How to not break automatically in switch statements in Swift?

question swift
Ram Patra Published on October 22, 2023

In Swift, the switch statement doesn’t automatically fall through to the next case. Each case block is designed to execute only the code within that case, and it doesn’t continue to the next case unless you use the fallthrough keyword.

If you don’t want Swift to break automatically after each case and you want to intentionally allow fall-through behavior, you can use the fallthrough statement to explicitly specify this behavior. Here’s an example:

let number = 1

switch number {
case 1:
    print("It's one")
case 2:
    print("It's one or two")
    print("It's something else")

In this code, when number is 1, it will print both “It’s one” and “It’s one or two” because of the fallthrough statement.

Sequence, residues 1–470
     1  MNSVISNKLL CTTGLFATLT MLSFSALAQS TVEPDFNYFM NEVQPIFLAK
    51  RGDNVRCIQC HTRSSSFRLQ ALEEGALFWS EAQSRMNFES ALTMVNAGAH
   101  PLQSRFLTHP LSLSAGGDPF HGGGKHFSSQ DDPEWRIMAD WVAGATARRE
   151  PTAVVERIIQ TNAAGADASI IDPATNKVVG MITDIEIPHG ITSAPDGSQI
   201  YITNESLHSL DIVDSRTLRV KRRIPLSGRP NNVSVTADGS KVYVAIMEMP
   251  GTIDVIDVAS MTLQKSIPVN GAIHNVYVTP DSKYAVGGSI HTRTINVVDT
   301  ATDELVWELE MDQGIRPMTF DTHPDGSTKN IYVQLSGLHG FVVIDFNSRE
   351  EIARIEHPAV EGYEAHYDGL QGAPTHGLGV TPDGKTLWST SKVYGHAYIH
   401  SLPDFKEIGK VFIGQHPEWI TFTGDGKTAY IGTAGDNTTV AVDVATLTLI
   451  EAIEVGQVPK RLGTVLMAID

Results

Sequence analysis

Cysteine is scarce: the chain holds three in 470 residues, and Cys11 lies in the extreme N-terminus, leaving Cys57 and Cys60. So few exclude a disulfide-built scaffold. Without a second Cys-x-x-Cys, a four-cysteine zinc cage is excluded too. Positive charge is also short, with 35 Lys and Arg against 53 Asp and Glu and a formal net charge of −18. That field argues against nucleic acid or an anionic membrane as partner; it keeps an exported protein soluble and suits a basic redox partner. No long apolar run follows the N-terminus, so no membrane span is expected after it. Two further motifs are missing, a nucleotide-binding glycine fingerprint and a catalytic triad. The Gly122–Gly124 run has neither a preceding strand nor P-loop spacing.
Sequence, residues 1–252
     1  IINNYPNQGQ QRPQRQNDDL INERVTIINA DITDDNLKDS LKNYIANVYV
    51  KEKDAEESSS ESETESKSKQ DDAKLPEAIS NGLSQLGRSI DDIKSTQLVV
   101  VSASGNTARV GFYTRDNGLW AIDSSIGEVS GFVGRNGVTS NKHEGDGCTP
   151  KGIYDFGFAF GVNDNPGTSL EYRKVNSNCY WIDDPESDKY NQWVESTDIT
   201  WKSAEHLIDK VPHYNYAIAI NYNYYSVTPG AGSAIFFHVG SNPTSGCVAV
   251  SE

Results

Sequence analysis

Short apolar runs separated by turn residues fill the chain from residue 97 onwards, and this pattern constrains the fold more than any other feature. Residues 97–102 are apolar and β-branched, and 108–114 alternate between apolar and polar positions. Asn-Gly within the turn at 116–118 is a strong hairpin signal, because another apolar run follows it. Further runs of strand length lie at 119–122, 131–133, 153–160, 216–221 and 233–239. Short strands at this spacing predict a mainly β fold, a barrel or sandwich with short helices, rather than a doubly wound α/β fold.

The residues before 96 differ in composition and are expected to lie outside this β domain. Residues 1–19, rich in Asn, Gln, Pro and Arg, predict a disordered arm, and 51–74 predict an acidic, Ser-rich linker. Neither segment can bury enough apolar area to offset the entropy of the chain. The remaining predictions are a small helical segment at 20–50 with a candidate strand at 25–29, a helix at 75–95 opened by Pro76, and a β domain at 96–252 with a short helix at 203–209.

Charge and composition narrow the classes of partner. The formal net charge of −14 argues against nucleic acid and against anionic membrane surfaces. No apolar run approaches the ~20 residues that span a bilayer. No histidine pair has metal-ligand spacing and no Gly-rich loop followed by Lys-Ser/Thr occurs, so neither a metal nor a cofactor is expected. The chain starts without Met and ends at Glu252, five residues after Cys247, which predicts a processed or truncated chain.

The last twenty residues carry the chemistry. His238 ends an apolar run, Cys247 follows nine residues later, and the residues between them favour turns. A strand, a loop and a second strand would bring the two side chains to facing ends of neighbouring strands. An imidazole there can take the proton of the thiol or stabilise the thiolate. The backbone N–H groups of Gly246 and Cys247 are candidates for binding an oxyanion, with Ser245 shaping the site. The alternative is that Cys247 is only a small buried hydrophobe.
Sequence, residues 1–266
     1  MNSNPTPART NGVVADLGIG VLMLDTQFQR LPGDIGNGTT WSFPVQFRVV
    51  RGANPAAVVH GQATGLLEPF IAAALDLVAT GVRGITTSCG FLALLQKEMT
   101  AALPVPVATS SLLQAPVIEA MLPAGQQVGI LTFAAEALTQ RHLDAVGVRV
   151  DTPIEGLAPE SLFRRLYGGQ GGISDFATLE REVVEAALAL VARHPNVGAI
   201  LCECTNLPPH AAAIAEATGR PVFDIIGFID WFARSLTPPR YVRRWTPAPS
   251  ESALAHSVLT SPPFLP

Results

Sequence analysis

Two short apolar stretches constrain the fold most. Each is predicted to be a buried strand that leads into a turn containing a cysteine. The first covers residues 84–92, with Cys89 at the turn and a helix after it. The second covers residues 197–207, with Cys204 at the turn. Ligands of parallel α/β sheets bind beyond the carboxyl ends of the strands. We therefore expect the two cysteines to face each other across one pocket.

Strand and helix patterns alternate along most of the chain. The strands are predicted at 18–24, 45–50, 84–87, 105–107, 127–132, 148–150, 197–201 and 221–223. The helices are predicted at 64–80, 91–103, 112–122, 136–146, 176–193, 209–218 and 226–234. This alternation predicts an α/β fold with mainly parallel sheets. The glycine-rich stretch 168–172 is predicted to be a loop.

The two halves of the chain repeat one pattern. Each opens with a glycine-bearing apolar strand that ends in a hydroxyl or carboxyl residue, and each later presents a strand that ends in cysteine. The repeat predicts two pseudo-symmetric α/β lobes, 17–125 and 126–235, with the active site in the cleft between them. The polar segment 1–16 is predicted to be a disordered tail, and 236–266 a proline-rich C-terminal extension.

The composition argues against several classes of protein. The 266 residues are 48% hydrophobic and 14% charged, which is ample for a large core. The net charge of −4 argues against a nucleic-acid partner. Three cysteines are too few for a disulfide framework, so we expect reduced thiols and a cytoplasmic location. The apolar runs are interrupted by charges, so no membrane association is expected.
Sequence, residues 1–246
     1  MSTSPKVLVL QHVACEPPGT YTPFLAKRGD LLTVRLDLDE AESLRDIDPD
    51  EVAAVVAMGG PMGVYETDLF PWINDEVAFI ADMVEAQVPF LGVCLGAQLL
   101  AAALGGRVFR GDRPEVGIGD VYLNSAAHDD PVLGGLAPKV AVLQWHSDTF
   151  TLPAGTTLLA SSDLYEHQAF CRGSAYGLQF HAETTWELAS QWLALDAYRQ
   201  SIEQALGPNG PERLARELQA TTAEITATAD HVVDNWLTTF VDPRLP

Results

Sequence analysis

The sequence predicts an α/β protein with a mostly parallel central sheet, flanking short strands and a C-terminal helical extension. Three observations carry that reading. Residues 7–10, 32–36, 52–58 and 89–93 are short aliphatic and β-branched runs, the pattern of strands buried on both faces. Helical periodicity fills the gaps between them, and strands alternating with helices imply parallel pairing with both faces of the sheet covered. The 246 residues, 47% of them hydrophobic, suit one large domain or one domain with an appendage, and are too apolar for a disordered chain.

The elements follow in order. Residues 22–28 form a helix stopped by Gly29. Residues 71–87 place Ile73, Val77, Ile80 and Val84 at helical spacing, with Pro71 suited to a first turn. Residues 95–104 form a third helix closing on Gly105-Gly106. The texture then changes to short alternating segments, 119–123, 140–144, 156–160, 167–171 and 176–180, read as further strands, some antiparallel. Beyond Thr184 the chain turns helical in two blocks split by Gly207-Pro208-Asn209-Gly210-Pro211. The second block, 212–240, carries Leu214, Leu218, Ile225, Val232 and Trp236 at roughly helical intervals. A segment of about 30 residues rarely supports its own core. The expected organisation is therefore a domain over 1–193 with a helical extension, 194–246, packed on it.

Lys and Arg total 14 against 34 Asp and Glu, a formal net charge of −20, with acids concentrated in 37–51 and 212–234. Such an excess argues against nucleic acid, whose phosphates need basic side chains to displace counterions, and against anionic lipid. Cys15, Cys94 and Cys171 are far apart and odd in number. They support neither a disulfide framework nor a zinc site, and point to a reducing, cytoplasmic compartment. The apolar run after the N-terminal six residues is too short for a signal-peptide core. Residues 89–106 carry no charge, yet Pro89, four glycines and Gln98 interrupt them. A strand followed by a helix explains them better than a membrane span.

If you don’t include fallthrough, Swift will execute only the code in the matching case and then exit the switch statement. So, by default, Swift breaks after each case, and you need to explicitly use fallthrough if you want to allow fall-through behavior. This is different to, let’s say, Java where you have to explicitly use break if you want to only execute code in the matching case.

Ram Patra Published on October 22, 2023
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